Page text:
For those who know that the best Operating Systems are open-source and entirely free, Linux Magazine is the perfect publication for you.
Linux Magazine features the very latest news relating to Linux and its associated variants – Ubuntu, Kubuntu and more. It is definitely one for those confident in their tech, with features on hardware and software alike, and tons of tips and tricks and solutions for sysadmins and home users. It has a dedicated LinuxUser section full of guides to working with the OS, and coverage of the Linux community. This magazine often includes a DVD with the latest release versions of Linux and its variants.
Buy a single copy of LINUX MAGAZINE or a subscription of your desired length, delivered worldwide. Current issues sent same day up to 3pm!
All magazines sent by 1st Class Mail UK & by Airmail worldwide (bar UK over 750g which may go 2nd Class).
Linux is pretty niche. There, we said it. We’re not proud, but it had to be said. As much as we adore the concept of Linux and Ubuntu, with the emphasis on open-source and free tech being something we completely support, we can’t deny that it still remains very much a minority OS. It needs to exist, however, as without it we are doomed to a world completely dominated by Microsoft Windows, a bloated and slow OS that’s main draw is its ubiquity; it’s not that people like or love Windows, or even that it’s particularly good to use, it is incredibly popular simply because absolutely everybody uses it. Seriously, you would have to look hard to find a computer that doesn’t run Windows at home or in the office, and as such it is simply easier for everyone to pay-up and stick with what they know will work. A sad state of affairs if ever we saw one.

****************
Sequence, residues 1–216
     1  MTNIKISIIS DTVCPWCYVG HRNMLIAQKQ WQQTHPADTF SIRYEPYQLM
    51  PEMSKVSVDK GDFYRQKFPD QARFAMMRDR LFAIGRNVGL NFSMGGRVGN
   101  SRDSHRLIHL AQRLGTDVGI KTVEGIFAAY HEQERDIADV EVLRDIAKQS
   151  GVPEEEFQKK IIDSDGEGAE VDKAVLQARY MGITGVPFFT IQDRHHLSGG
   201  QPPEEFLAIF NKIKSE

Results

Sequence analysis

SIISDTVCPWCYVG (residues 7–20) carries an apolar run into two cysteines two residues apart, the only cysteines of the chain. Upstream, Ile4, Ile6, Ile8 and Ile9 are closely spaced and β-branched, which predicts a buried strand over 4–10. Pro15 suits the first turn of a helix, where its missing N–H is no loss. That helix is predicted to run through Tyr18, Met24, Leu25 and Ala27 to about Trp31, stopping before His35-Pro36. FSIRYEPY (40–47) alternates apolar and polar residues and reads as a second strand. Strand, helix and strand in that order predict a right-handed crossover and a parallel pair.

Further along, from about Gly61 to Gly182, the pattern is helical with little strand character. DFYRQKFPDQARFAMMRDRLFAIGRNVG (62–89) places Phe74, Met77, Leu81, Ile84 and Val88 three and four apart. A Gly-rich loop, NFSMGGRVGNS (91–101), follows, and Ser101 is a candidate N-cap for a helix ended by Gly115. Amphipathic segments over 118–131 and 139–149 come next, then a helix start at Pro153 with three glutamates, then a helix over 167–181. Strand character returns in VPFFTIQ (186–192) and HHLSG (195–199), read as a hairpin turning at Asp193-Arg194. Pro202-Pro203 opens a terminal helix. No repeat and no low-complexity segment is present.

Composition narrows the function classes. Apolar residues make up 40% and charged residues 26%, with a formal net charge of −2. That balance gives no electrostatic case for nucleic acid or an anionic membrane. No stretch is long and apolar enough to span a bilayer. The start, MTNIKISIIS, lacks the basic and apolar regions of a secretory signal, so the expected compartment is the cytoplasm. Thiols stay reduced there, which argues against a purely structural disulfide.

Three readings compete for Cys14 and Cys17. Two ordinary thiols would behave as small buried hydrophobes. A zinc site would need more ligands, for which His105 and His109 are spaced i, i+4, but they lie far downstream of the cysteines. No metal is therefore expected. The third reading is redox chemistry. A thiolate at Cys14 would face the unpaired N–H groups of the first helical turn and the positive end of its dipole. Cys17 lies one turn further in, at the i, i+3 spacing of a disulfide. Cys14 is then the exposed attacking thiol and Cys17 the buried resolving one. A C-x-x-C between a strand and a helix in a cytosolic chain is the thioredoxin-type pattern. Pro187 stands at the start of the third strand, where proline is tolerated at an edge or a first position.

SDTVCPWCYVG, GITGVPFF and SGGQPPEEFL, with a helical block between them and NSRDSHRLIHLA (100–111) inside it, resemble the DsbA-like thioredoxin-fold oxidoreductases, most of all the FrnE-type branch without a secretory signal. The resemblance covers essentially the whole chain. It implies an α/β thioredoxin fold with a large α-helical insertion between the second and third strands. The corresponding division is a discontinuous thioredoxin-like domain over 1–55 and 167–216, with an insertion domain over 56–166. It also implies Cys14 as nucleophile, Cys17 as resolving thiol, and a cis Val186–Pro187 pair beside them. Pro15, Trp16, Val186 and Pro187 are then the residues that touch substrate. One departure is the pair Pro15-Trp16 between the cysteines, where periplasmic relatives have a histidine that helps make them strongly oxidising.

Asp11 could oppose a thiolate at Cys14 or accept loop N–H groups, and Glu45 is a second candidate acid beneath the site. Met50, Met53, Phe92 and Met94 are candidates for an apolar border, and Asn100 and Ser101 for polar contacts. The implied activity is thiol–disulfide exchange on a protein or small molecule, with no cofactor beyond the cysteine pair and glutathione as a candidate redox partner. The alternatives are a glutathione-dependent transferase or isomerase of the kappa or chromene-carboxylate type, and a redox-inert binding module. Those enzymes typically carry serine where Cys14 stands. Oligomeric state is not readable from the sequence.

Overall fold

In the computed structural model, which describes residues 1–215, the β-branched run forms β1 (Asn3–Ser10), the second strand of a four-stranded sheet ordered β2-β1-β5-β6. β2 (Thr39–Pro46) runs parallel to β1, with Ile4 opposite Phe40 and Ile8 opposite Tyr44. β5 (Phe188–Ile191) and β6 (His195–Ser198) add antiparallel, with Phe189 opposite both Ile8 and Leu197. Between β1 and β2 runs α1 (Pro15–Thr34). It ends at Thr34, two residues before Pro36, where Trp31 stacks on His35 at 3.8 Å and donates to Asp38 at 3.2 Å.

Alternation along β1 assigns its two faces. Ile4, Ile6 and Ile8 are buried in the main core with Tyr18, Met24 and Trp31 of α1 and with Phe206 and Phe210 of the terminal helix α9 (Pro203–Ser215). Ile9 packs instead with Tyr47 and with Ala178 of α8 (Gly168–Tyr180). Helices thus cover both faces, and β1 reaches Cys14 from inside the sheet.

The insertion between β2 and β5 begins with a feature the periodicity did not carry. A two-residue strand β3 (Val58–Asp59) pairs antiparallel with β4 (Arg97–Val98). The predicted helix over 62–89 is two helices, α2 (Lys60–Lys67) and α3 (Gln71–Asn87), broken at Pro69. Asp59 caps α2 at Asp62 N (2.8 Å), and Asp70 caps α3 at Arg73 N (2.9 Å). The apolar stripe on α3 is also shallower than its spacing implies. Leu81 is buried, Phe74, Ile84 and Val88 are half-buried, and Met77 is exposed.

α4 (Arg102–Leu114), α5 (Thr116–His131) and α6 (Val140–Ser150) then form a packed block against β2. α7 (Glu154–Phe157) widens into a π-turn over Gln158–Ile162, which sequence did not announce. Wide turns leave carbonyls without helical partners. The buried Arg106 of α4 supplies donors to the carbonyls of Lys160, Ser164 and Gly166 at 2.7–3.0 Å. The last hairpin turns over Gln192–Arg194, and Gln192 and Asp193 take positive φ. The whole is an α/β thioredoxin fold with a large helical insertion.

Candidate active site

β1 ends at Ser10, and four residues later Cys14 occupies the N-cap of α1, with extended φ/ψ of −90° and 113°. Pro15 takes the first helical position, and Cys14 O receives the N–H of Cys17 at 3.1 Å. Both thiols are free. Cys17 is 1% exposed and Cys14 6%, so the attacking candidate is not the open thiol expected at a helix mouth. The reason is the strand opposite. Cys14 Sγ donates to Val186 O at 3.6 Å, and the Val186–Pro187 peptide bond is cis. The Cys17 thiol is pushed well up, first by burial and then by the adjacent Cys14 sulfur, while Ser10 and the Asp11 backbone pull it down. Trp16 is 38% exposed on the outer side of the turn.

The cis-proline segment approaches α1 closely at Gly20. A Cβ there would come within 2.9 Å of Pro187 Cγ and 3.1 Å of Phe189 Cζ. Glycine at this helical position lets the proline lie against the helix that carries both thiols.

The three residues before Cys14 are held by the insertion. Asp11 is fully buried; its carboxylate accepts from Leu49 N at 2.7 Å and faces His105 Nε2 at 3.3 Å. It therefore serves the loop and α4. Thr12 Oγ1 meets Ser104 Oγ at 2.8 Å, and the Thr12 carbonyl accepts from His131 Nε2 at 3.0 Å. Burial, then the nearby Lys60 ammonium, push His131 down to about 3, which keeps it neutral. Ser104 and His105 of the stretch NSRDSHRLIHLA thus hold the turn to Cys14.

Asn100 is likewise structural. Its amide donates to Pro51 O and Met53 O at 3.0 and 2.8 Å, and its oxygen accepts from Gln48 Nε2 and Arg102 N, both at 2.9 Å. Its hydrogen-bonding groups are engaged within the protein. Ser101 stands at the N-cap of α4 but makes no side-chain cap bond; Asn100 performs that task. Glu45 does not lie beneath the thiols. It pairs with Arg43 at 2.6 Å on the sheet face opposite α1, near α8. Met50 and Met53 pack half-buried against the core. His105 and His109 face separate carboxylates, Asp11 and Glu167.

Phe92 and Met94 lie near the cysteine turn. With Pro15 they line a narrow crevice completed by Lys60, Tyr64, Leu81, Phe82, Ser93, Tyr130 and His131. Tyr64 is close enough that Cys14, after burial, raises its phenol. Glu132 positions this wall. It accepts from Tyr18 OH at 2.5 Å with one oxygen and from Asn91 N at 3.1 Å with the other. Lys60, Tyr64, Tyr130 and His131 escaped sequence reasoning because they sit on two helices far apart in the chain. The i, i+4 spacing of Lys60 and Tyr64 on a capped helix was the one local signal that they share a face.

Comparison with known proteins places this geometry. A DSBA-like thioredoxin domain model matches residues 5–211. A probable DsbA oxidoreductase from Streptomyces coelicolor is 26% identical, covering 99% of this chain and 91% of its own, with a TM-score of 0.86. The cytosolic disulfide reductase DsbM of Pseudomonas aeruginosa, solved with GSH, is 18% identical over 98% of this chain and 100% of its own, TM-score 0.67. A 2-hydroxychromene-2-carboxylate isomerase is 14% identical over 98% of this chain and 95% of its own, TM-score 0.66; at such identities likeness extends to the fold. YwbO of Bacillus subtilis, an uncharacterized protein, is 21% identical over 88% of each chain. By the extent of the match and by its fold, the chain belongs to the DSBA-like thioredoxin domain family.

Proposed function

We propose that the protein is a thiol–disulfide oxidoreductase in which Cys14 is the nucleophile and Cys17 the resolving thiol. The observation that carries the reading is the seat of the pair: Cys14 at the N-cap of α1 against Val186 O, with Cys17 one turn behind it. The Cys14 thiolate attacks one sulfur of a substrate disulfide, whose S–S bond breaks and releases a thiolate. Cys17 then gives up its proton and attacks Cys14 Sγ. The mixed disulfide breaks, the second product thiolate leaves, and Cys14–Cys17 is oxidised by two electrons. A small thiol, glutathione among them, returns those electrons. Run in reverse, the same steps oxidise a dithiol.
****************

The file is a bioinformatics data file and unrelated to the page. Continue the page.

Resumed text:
Well, Linux User – yes, you there – there is one area where Linux is completely and utterly dominant. You can feel smug in the knowledge that in the world of supercomputing it is the Linux Operating System that is the OS of choice. All of the world’s top ten supercomputers run Linux, and 90% of the top 500. If they can afford to create a supercomputer that is capable of 16 petaflops, then they probably aren’t simply being stingy and not wanting to pay out for Windows. NB